-- the "baby" beverage antenna for everybody --
by Cyril Dufault, VE4QRP
The antenna consists of wire, a transformer T, and a resistor
R. Length and height should be as large as possible. The transformer
is a simple impedance transformer, while the resistor is a standard
carbon resistor of 1/2 watt power. The best location is outdoor,
but in a tight situation run it along the walls and ceiling
of any room.
last few years, I have been using a variation on the theme
of terminated transmission line antennas, for reception of a range
of shortwave frequencies. The antenna is shaped like a rectangular
loop antenna, is broadband and provides better reception than
the built-in whip antenna on my Sony 2010. The antenna described
here is versatile, can be used in a variety of locations, and
is simple to construct. Perhaps this antenna will help improve
shortwave reception for you, especially in the lower frequency
Principle of Operation
The antenna can be viewed as a lossy transmission line, lossy
in the sense that signals will not be contained between the wires,
but will radiate (or signals be received) to a certain extent.
With a termination resistor, the response of the transmission
line is flattened out compared to an open or short circuit. It
is the flattening of the response away from resonance that helps
to broadband the antenna. With a flat response however, we do
not get the gain or efficiency of a resonant antenna, but we hopefully
get an improvement in bandwidth.
This type of antenna is not new, and I have seen it used for low
frequency work in some industrial situations. To some, it may
look like a "baby" beverage antenna, especially a terminated beverage.
The resistor attempts to provide a matched load to the line, and
the transformer provides impedance matching to the coax for the
receiver. The similarity ends there, however, because this antenna
is much more square than long and rectangular, and its size is
very much less than several wavelengths.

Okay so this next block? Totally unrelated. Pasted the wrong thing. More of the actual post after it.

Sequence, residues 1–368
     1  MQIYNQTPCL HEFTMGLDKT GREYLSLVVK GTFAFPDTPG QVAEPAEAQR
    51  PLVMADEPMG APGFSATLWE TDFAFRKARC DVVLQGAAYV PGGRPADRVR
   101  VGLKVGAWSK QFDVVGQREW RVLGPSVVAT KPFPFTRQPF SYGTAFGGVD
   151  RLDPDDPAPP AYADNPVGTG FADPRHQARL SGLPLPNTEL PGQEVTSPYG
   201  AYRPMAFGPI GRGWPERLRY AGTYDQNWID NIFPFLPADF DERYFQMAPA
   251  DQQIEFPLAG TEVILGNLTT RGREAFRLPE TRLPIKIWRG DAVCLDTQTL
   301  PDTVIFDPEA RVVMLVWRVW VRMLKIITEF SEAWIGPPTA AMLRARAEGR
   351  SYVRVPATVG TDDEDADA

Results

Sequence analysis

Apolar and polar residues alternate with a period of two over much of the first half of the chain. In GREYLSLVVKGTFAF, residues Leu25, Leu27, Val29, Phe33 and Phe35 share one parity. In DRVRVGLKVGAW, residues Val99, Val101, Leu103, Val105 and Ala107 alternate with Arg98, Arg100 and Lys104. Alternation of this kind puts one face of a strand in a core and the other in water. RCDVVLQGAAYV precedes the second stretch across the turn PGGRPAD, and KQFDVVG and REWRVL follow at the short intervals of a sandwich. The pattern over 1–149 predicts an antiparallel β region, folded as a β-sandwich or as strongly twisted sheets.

Since the main use of the antenna is to try and improve reception
over a simple whip or random wire, its dimensions are not specified,
and neither is the attempt to match it exactly as a transmission
line since its length is too short. Length and height can be anything
convenient, but should be as large as possible, for good low frequency
response. I once setup a temporary one in the basement of my house,
along a wall of about 16 by 6 feet. It provided some improvement
in signal (about 3 red LEDS on the Sony 2010) compared to the
whip, at 7 Mhz (40 meter band). Considering it was almost underground,
and surrounded by heating ducts, it performed reasonably well.
The best location for this type of antenna would be in the attic
of a house, or outside in the backyard. In a tight situation,
it could be run along the walls and ceiling of a bedroom, near
the listening station. Don't hesitate to make a bend in the antenna,
should that be required to make it as long as possible. Just make
the upper and lower wires of the antenna follow one above the
In regards to directivity of the antenna, it should work best
for signals arriving in the direction from the resistor to the
transformer, so if you have the available space you may want to
consider this. Of course, if there is a major bend in the antenna,
then some omnidirectional coverage should be possible.
The range of frequencies in which the antenna seems to perform
well is related to the biggest size you can manage. On the west
coast I had an outdoor one of 130 feet for the upper wire, from
transformer to resistor (it had a major 70 degree bend due to
location of the highest tree in the yard). The ground return wire
was run along the base of the fence. Reception was very well with
it, down to 1.8 Mhz (160 meter band). It didn't work as well on
the AM broadcast band, however, since the built-in Sony ferrite
rod had much better efficiency. The practical upper frequency
limit was around 14 Mhz (20 meter band), and is due mainly to
the impedance transformer.
Description and Construction
The antenna consists of wire, a transformer T, and a resistor
R, as shown in the figure. The antenna wire itself can be anything
convenient, such as #14 AWG stranded copper, which is easy to
work with and will hold up well in outdoor weather. For an outside
installation, I have put ground rods connected to the ground return
wire (the lower wire of the antenna). Two ground rods were used,
one at the resistor, the other at the transformer. The ground